Our next Iowa destination started as so many do. Grumbles. Eye rolls. Dramatic groans.
Anything remotely field-trippy is like offering teens a starlight mint you found under the car seat instead of a jumbo bag of Takis. Admittedly, “Devonian Fossil Gorge” lacks the spark of “trampoline park.”
Fortunately, I had instinct on my side. My kids like caves and cool rocks. A trip to South Dakota’s Mammoth Site and a dinosaur dig in Thermopolis, Wyo., rank among our best family adventures. No way would I miss checking out this intriguing, scientific and free attraction.
The Devonian Fossil Gorge sits near a recreation area and campgrounds on the south side of Coralville Lake, created after the U.S. Army Corps of Engineers dammed the Iowa River five miles north of Iowa City and Coralville. Devastating floods in 1993 created the gorge when the river rose more than 4½ feet above the dam’s spillway and tore away everything in its path, revealing the fossils once water receded.
“I found one! Come look!” came the excited, rapid-fire commentary from two 14-year-olds who wouldn’t get out of the minivan at the visitor center. Even our untrained eyes could find treasures in this game of prehistoric “I Spy.” We studied intricate hexagonal patterns left by colonial coral, tubular stems of crinoids (“sea lilies”), spirals of horn corals, and scallop-like ridges of brachiopods embedded in light-gray limestone and short walls.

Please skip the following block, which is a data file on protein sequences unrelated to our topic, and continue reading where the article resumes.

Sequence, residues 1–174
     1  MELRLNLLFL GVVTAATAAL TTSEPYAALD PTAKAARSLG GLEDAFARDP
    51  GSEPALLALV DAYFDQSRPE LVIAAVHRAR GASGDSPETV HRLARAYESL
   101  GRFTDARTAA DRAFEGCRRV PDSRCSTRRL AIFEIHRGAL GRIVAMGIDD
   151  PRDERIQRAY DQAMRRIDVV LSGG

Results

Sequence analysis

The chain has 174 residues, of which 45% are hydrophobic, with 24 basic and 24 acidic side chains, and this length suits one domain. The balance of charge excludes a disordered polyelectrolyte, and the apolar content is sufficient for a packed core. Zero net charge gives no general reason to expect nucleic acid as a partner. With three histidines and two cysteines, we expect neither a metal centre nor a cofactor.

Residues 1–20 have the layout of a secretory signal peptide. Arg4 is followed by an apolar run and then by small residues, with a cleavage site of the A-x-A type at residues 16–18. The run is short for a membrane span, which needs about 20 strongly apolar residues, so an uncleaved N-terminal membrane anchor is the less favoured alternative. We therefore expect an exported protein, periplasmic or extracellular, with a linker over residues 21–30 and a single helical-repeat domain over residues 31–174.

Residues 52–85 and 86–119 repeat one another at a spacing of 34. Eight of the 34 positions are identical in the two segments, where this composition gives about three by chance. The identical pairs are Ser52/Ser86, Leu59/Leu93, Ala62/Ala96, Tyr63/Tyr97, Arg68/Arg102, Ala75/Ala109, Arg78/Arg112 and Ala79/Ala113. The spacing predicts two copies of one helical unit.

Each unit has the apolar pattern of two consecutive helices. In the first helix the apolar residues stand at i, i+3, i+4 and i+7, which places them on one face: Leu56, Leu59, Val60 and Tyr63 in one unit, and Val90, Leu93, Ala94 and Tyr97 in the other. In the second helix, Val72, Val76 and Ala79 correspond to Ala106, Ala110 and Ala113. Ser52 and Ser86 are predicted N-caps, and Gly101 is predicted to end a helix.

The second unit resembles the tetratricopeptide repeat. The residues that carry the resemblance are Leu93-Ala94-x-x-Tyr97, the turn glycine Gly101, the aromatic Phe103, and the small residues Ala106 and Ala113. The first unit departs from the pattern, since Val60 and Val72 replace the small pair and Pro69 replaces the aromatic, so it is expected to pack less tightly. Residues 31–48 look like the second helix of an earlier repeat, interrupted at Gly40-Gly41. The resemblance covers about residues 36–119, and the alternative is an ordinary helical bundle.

The fossils had gotten harder to see until a second flood in 2008 sent water over the spillway again, scouring old fossils and exposing new ones, said Nicholas Thorson, a natural resource specialist at the dam.
The fossils help reconstruct life on Earth during the Devonian “Age of Fish” more than 375 million years ago — long before land mammals or dinosaurs. The planet had only two supercontinents, the Appalachian Mountains were just forming and “Iowa was a shallow, warm sea,” Thorson said.
He estimated the sea depth at eight to 13 feet — shallow enough for plankton-filtering “sea lilies” and plants to grow up and out of the water as if in a vast wetland, but deep enough for armor-plated fish known as placoderms.
The Coralville Dam Visitor Center exhibits the gorge’s most dramatic specimens, including a sink-sized ammonite, trilobites, cephalopods (shelled relatives of squid) and a section of skull from a Dunkleosteus, nicknamed “terrible fish.”
“It was probably as long as a school bus,” Thorson said of the armored fish. “It ruled the ocean.”
To visit the gorge and see the fossils, consider going on a weekday when the Coralville Lake area and the popular campgrounds (1-877-444-6777; recreation.gov) are less crowded. For more information, call 1-319-338-3543 or go to www.mvr.usace.army.mil/Missions/Recreation/Coralville-Lake/Recreation/Devonian-Fossil-Gorge.
Here are some other noteworthy places to inspire prehistoric road trips and sneak in a science lesson that fuels imaginations:
Badlands National Park, Wall, S.D.